High blood pressure is one of today’s silent killers. Often overlooked, or not noticed at all, high blood pressure (or hypertension) is one of the world’s leading causes of premature death, contributing to 9 million deaths worldwide each year. As with many conditions, having your blood pressure tested is an essential first step in in taking control of it and in reducing your risk of heart disease and stroke. Thankfully, there are multiple simple things you can do to lower or prevent high blood pressure.
Earlier this week, in recognition of World Health Day, we released a new infographic highlighting the global impact of high blood pressure. Today, we’re happy to share 10 tips to reduce and control your blood pressure.
10 Tips to Reduce High Blood Pressure
Keep track of your blood pressure, test it regularly.
Check your blood pressure regularly using an approved meter or by visiting your local clinic.
People who stay in shape feel far less tired than their inactive colleagues and generally have lower blood pressure.
Watch your weight.
It is important to maintain a healthy weight, as excess fat and carrying too much weight around your waist are indicators of high blood pressure. The BMI index is an easy tool to see whether you have a healthy weight.
Eat a healthy and balanced diet.
Eating fast food negatively affects cholesterol levels and blood pressure. It has also been proven, however, that when you maintain a healthy diet, you can actually reduce blood pressure.
Avoid excessive intake of alcohol.
Although a glass of red wine a day may even be beneficial for your blood pressure, any more than that will have a detrimental effect on your blood pressure and overall health.
Reduce your salt intake.
One flattened teaspoon of salt a day is enough to keep you healthy. Eating more can significantly heighten blood pressure. Try and stir things up by adding some other herbs and spices.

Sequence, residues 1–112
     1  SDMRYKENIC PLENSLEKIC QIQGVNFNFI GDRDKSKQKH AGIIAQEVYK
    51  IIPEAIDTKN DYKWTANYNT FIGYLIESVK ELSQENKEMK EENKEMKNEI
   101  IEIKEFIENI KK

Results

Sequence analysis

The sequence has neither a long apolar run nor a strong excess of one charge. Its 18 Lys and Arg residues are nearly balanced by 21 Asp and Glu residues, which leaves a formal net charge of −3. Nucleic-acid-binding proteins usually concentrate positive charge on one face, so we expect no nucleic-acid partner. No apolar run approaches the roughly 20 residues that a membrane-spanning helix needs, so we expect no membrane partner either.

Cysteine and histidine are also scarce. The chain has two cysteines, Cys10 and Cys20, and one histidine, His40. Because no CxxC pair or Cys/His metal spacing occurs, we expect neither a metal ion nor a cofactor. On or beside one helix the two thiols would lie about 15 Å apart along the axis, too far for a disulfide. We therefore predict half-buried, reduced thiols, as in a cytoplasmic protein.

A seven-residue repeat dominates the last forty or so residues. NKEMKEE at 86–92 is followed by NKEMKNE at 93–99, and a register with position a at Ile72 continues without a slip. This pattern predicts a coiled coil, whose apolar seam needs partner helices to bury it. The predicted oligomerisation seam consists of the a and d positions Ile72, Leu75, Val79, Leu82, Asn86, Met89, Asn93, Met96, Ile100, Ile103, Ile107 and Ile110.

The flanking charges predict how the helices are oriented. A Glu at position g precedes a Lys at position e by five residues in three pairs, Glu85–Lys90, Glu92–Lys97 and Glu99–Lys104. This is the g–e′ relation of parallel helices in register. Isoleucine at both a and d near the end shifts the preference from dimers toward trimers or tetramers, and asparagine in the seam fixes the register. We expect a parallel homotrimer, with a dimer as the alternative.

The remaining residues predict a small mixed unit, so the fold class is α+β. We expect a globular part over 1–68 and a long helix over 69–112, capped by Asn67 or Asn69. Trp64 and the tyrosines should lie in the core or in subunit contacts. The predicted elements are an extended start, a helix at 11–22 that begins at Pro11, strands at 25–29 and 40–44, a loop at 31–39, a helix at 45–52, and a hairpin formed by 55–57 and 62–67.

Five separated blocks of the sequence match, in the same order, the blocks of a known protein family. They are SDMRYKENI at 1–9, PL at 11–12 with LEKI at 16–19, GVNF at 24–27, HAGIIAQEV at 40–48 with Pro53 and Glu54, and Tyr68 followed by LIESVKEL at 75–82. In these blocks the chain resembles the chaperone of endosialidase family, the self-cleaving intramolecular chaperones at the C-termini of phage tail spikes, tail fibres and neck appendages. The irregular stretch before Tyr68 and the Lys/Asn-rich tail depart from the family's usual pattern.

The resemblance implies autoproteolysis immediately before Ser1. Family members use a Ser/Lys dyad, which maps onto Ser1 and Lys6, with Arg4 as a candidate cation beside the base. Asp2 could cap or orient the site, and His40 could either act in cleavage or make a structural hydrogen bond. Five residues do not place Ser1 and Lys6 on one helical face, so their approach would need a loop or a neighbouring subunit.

Don’t smoke tobacco.
Nicotine causes blood pressure to increase. Beware, second hand smoke can also cause harm to you and those around you!
Stress and anxiety are important factors contributing to high blood pressure. Spending time with your family and taking some time off to relax is not only enjoyable, it’s also very healthy!
Visit a doctor.
Visit your doctor if you experience any symptoms or complications hinting at high blood pressure. Sometimes it takes medication to control hypertension.
Tell others about the risks of high blood pressure and the importance of maintaining a healthy lifestyle. Remember: preventing hypertension is easier than treating it.
Do you have any other tips? Let us know in the comment section below!
Photo courtesy of Wikimedia Commons, www.volganet.ru
27 April 2013
The modern day medical house call can now offer many of the same services that were once only available in the emergency room. For some people, just being in a medical setting causes their blood pressure to rise. I was first drawn to my great grandfather who died in a house fire, I felt I was carrying some part of his experience in me.
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